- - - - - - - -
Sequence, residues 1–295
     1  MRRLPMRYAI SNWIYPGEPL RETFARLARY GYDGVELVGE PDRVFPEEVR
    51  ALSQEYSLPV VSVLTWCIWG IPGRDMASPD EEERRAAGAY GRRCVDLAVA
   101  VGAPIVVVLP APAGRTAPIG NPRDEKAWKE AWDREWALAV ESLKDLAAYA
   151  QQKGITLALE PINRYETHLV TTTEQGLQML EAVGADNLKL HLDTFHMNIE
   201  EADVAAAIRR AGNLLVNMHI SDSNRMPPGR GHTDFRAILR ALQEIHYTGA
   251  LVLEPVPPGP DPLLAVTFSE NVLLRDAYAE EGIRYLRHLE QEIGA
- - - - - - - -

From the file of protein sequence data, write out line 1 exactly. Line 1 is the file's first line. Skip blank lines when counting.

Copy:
Sequence, residues 1–295